It seems like a strange juxtaposition, but I wanted to keep the ‘real’ stuff in the book absolutely real. I think that by doing that I can draw the reader into my world; make them feel like this story could be happening right in their own City, under their own noses without being aware of it. You can check into anything about Gabi’s training or the weapons mentioned or the demons mentioned and the internet will validate it.
Pauline: I think you’ve done a wonderful job of giving enough history to add a richness to the story and blending it seamlessly into the story so it doesn’t slow the story down.
Is there a particular scene, or character, or other aspect of A Cat’s Chance in Hell that’s a particular favourite of yours?
Sharon: I love the scene in the van when Julius and Kyle are discussing Gabi – they kind of dance around each other a bit, and you get to see more of Kyle’s true character, not the one he shows to the world on a daily basis. And, without saying it, they both know that she’d flay them alive if she found out what they’d discussed.
My favourite side character is Fergus, he’s a gem to write about, and I hope he makes more appearances in future books.
My favourite parts to write are the fight scenes – there is just something innately satisfying for me in writing fight scenes. If I find myself in a slump or with a touch of writer’s block, a fight scene is my cure-all.
Pauline: Fight, fight, fight!! There are definitely some exciting scenes in A Cat’s Chance in Hell and I can see why that would get you fired up.
You’re stuck on a deserted island with ONE thing to eat – day in and day out. What is it?
Sharon: Oh NO – you’ve just made me shudder in horror! That is one of my pet hates, eating the same thing day in and day out, I crave variety. I guess it would have to be potatoes, at least you can cook them in a variety of ways…
Pauline: I love potatoes. I definitely think I could eat those every day – oh wait, I do eat them (almost) every day, just not by themselves!
Do you write every day or on a set schedule, or just when the muse strikes you? Any writing quirks?
Sharon: I am one of those sad, horribly organised people that other people like to throw things at, so now that I’m writing with some seriousness I have set days that I write, and I set myself weekly word count goals to achieve as well.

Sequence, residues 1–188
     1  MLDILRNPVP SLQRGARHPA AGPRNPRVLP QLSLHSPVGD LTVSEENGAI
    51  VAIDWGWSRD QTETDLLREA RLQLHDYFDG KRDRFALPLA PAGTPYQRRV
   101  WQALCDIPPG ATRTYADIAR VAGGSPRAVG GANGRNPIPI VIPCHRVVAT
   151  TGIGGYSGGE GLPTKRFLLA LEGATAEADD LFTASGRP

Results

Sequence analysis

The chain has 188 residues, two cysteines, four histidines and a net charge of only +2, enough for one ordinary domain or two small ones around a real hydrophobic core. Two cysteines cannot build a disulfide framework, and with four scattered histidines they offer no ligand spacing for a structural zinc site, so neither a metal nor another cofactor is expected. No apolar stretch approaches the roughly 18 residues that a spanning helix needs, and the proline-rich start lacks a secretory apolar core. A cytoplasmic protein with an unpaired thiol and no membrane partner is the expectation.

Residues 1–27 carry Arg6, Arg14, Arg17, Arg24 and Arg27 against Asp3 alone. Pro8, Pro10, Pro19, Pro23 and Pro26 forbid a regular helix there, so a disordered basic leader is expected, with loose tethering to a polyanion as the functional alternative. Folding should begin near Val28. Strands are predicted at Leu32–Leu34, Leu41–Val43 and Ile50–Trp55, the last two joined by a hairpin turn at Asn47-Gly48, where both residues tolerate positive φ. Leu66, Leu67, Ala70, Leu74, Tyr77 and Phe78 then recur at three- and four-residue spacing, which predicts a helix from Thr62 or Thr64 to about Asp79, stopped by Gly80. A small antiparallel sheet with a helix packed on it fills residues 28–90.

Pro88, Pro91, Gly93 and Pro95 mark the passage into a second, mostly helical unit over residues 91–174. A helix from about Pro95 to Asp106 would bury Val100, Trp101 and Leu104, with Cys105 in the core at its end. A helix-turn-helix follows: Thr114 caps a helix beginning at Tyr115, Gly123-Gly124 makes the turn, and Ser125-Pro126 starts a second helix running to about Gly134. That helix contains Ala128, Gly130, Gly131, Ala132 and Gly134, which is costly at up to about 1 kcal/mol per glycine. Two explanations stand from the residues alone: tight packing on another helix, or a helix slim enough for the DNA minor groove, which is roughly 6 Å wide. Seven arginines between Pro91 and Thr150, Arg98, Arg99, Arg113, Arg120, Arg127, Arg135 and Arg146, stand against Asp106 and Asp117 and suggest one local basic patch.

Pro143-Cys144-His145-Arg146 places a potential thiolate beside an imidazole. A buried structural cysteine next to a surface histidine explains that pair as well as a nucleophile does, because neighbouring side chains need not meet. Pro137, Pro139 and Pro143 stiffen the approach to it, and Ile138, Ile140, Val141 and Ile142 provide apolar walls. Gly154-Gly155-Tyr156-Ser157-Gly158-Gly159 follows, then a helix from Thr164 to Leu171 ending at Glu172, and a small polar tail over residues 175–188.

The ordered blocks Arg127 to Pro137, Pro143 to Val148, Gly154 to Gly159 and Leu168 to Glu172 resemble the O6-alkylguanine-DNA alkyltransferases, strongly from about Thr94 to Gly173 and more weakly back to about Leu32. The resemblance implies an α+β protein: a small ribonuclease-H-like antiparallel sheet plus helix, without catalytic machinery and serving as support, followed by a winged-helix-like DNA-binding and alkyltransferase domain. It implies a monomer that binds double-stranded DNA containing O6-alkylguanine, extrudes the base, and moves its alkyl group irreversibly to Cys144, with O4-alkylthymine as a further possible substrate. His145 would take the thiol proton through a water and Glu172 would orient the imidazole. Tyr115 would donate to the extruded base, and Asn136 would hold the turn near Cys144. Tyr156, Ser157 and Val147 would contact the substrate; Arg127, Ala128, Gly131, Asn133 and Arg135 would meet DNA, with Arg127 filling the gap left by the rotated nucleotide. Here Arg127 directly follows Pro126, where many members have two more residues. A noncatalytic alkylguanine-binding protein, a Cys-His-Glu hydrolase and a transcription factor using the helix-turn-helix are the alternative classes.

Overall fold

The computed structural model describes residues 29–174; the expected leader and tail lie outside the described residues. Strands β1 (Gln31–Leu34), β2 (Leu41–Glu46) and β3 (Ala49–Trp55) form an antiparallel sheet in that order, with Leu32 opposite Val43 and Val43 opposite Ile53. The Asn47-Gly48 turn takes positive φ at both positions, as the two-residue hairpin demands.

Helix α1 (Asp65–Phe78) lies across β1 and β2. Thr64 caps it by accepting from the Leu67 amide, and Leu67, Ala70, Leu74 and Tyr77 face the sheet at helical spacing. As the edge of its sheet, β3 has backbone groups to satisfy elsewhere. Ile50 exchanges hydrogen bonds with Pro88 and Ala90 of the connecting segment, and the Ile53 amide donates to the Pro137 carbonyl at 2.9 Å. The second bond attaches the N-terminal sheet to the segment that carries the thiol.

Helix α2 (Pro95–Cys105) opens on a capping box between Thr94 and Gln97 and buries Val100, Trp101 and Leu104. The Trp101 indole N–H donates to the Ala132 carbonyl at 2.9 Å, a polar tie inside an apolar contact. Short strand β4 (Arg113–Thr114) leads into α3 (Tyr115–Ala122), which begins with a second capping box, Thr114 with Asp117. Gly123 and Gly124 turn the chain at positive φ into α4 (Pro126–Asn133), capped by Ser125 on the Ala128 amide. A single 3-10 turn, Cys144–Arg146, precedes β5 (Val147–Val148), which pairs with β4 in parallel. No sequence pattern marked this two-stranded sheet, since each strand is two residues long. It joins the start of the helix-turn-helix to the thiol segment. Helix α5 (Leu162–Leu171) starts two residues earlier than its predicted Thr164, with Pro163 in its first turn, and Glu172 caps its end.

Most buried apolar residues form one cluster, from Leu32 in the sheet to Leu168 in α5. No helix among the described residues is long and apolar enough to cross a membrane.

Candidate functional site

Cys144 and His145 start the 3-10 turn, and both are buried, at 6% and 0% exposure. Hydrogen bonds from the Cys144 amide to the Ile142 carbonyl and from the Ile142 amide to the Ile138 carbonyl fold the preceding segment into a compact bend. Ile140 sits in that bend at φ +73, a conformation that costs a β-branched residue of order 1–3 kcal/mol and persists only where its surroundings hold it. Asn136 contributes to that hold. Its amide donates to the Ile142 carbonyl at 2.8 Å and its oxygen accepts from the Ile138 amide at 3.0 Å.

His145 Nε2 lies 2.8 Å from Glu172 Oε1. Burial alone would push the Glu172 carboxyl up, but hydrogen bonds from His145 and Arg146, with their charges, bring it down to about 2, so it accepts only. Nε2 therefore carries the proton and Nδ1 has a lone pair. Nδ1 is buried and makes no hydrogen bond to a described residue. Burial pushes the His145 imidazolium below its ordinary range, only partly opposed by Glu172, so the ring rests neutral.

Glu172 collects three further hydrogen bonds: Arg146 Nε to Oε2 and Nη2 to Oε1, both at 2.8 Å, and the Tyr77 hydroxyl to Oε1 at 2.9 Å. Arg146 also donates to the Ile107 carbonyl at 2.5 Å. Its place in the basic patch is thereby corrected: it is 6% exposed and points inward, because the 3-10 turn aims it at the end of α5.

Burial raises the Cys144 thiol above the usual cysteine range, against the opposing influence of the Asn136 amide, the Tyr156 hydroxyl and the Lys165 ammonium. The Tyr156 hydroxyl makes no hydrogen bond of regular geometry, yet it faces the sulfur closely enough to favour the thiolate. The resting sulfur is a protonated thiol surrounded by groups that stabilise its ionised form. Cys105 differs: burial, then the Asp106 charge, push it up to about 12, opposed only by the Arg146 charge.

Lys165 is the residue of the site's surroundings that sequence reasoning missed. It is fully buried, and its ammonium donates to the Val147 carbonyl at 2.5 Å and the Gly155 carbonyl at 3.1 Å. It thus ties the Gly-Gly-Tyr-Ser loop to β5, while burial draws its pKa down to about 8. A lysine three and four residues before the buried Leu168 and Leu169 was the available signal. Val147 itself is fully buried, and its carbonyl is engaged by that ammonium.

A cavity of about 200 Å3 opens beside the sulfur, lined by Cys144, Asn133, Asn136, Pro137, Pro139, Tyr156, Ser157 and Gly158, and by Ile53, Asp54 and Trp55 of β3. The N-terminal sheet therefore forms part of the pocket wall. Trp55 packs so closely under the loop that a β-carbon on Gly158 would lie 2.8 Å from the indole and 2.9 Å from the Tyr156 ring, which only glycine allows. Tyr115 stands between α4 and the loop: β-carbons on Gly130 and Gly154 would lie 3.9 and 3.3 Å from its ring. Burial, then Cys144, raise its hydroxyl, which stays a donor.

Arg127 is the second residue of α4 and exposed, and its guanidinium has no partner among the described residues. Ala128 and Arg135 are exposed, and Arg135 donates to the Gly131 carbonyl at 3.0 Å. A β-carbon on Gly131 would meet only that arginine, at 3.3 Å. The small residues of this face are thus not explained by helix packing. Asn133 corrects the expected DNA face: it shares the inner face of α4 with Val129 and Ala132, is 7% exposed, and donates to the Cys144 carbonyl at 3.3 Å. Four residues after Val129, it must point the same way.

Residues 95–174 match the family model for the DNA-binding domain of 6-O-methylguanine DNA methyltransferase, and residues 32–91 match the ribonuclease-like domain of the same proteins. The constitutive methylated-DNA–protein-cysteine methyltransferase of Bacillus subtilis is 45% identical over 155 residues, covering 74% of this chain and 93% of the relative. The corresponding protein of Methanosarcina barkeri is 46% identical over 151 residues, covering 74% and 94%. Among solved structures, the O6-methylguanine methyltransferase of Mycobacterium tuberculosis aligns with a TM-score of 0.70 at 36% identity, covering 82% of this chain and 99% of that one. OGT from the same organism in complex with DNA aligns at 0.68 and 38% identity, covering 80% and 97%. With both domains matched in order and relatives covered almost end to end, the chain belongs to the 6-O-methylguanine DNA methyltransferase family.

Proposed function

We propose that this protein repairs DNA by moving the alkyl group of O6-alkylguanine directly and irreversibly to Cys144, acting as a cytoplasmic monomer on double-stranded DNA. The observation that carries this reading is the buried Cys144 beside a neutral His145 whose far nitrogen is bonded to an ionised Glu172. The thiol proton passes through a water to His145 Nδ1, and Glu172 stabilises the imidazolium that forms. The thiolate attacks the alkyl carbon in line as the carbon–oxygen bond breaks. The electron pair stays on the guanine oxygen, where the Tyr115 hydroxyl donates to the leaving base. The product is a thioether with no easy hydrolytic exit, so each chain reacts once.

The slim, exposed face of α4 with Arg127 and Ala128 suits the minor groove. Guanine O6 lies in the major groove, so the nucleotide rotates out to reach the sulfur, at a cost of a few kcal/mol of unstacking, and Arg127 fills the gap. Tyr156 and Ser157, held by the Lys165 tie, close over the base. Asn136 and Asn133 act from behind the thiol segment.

I can’t write when my son is home (I have a fire-cracker temper if I’m disturbed when I’m writing – just ask my husband) so I write during his school hours. I prefer to write in utter quiet, even the birds chirping outside get on my nerves, though I can write with music playing, and will put headphones in if my husband is home so that I can write undisturbed.
Pauline: I guess we know where Gabi gets her temper!
Do you plot everything out or are you a “pantser”?
Sharon: I’m not sure what a “pantser” is, but as I don’t do much plotting I must be one. :-) I know the general direction of my story, I know what character developments I want to happen, and I usually have a few scenes that are set in my mind, but the rest happens as I write. My characters often manage to surprise me by doing something stupid, or having something unplanned happen to them. But when I look back, those unplanned bits often solve a problem or create an opening that I’d been mulling over, so I guess it’s just the subconscious at work. I don’t even necessarily write a book in order, if a scene is calling to me, I’ll break away and write it, and then fit it in later (probably contributing to my editor’s grey hairs at the same time ).
Pauline: Pantsers “fly by the seat of their pants” when they write and you’re it. I am in awe of writers who can sit down and write and the story just happens.
What’s the most unforgettable thing you’ve ever done or has happened to you?
Sharon: That would have to be moving from South Africa to New Zealand. It is the most exciting, nerve-wracking, sad, difficult decision we’ve had to make. We left friends, family, pets, financial security and our support-structure and moved half way around the world to get away from what we felt was an innately unsafe environment. Seeing our son grow up in a safe, education-orientated, caring country has made it all worthwhile, but leaving South Africa was not an easy thing.